"We've been fortunate enough to recruit some new businesses into the city that should be announced soon," Fromme added, noting that the total would be more than two hundred "nice jobs, not minimum wage jobs". Fromme couldn't be more specific but, "I think they are exactly what Newport needs," he said. Newport will continue to seek tech industry businesses. "It fits our geographic limitations. We're not a big city. We don't have large swaths of land like Boone County. Most of our building in the future is going to have to be up."

A related goal is to rid the city of many of its surface parking lots.

Mayor Jerry Peluso called 2013 one of the most successful in Newport's past ten. "Hopefully those things will come to fruition and the momentum will continue," the mayor said.

The city commission took a step toward maintaining momentum on Monday when they hosted a public hearing on a possible tax increment finance (TIF) district.

"This is the beginning of a culmination of many years of looking into the viability of a TIF district," Fromme said. Newport's comprehensive plan and the city's vision has always included the development of a welcoming corridor from Covington into the city, the city manager said.

Now an "information corridor" is envisioned, which lines up with Newport's desire to attract more technology-oriented companies.

Fromme said he is advocating for more underground utilities and fiberoptics.

A TIF district involves a designated area of a city where a percentage of property tax collected from the increase in value of those properties is reinvested in that specific area. The possible TIF in Newport would run along Fifth Street from the Veterans Bridge to the first block of Central Avenue over to Columbia Street and then drop over to Fourth Street next to the Ovation site. The properties in that area will be assessed based on their 2012 value and eighty percent of any increase in that taxable value, and only the increase, would be reinvested for economic development purposes.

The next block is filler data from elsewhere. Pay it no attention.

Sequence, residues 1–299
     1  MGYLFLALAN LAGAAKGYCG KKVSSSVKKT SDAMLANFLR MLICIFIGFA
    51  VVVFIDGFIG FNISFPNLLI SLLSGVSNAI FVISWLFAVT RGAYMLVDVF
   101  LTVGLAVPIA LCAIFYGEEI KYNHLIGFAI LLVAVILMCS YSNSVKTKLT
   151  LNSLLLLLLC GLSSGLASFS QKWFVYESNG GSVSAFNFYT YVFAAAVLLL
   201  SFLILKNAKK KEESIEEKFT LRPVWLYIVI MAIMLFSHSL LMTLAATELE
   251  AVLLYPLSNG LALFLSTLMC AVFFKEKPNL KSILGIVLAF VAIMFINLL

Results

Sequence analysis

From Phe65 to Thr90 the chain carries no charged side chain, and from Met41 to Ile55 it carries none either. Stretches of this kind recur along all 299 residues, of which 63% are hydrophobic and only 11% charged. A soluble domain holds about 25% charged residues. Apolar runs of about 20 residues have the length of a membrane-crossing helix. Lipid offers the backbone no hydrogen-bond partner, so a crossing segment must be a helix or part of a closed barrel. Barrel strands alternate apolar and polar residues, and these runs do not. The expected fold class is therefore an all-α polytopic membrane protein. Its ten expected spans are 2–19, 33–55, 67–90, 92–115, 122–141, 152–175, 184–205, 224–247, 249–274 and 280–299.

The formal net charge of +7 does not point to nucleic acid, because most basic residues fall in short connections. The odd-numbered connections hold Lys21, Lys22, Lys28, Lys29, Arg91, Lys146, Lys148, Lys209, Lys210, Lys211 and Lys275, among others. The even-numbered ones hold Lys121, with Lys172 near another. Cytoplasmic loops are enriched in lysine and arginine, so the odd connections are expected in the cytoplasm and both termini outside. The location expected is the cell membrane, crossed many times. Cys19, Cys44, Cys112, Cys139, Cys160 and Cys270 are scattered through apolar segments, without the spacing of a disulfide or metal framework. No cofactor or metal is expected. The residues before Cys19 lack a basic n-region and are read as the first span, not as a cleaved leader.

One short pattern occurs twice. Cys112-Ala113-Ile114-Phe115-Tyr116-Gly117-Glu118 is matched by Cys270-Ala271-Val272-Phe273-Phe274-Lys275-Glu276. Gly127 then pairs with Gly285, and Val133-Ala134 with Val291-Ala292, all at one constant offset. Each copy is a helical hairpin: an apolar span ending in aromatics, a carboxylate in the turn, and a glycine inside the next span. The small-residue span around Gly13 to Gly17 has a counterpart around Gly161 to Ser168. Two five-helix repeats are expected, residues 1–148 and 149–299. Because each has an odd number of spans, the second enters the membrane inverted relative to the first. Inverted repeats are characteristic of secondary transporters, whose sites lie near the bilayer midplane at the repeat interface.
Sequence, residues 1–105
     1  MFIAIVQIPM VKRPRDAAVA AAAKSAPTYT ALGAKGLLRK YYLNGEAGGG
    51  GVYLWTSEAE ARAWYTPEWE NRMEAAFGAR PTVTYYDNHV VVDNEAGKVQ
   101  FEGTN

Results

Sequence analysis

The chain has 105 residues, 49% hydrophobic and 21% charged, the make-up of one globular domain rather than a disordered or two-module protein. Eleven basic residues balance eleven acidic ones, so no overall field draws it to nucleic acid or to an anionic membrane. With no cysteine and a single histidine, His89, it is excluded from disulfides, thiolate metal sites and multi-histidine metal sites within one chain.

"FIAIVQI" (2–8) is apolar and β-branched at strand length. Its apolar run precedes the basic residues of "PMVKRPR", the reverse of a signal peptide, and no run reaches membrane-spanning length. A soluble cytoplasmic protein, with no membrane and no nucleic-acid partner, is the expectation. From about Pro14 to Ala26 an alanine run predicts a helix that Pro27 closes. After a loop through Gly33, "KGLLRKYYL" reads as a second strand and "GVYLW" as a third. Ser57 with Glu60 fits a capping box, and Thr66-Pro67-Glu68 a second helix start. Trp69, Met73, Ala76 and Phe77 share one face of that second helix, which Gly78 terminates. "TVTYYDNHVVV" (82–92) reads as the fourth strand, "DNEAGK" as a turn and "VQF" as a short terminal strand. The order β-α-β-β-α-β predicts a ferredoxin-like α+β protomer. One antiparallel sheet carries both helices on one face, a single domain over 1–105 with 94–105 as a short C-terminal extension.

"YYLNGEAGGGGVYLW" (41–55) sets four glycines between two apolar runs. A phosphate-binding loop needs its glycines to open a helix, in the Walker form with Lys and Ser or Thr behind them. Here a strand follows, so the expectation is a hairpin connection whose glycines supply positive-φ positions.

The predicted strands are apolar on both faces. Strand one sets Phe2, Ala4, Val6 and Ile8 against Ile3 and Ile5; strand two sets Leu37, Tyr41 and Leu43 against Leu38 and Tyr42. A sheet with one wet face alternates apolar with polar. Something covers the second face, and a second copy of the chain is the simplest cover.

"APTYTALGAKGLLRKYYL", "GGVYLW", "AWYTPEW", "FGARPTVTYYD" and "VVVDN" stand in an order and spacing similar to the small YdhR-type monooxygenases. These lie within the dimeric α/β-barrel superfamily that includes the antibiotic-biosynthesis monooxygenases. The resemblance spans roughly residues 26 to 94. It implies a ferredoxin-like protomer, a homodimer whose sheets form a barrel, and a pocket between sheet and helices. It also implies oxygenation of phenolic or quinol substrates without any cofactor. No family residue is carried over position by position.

"Since there is significant construction mainly due to Route 9 work, here is our opportunity to make serious improvements to this whole area," Fromme said. New sidewalks, street lighting, underground utilities would all be on the menu.
"It gives us a remarkable once-in-a-career opportunity to make major improvements," Fromme said.
Additional parts of the TIF would include Monmouth Street to the Third Street corridor, the vacant lot next to the Levee, and the Purple People Bridge, which is poised for a unique possible development involving a potential hotel above the river.
Revenue from a TIF could also increase the amount of incentives available to possible new businesses.